Japan, Germany expand military ties as German warship visits
TOKYO — Defense Minister Nobuo Kishi on Friday said Japan will step up military cooperation with Germany in the Indo-Pacific region as he welcomed a port call by the first German warship to visit Japan in about 20 years.
The frigate Bayern is visiting Tokyo after two days of joint exercises with the Japanese Maritime Self-Defense Force destroyer Samidare in the Pacific Ocean amid increasingly assertive maritime activities by China in the region.
The ship's visit is "an important turning point" in pursuing a "free and open Indo-Pacific" and secure one of the world's most important shipping lanes, Kishi said after inspecting the frigate with German officials.
"It shows Germany's strong commitment to actively contribute to peace and stability in the Indo-Pacific," he said.
The frigate left Germany in August for deployment in the Indo-Pacific as part of the country's recent shift to the region and follows similar moves by other European countries including Britain, France and the Netherlands. Warships from those countries recently conducted joint naval exercises in the East and South China seas.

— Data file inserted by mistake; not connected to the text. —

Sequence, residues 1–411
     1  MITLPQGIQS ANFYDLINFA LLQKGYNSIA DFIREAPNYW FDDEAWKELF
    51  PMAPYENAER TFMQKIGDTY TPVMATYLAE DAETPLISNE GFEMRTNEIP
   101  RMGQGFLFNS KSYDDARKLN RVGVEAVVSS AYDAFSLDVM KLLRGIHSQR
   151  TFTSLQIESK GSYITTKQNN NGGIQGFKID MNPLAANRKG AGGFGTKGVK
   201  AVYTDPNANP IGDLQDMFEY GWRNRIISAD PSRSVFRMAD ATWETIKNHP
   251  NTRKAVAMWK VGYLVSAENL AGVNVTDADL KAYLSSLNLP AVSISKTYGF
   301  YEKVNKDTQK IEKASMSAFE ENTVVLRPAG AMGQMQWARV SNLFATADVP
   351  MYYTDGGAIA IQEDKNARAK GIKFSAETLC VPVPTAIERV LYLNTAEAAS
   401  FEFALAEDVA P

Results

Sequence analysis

Germany adopted a defense guideline last year focusing on the Indo-Pacific region and has since stepped up its military ties with Japan. The two sides signed an agreement in March on the protection of classified information exchanges, and held their first security talks involving defense and foreign ministers in June.
"The Indo-Pacific is today one of the strategically most important regions of the world," Gen. Eberhard Zorn, chief of Germany's armed forces, said at a joint news conference with Kishi. "Here important decisions over freedom, peace and wellbeing in the world are being made. Deploying our frigate to the Indo-Pacific makes clear that Germany stands up for our common values."
China, which claims most of the disputed South China Sea as well as Japanese-held islands in the East China Sea, has defended its growing maritime activities and says it has the right to defend its sovereignty, security and development interests.
Japanese officials say Chinese vessels routinely violate Japanese territorial waters around the islands in the East China Sea, sometimes threatening fishing boats.
Zorn said the Bayern has conducted small-scale exercises with the militaries of eight countries since leaving Germany and made port calls at various locations including Guam and Australia.
Beginning in mid-November, the Bayern will conduct monitoring and surveillance under a U.N. Security Council resolution of maritime activities by North Korean ships, including possible ship-to-ship transfers of banned cargoes in regional seas.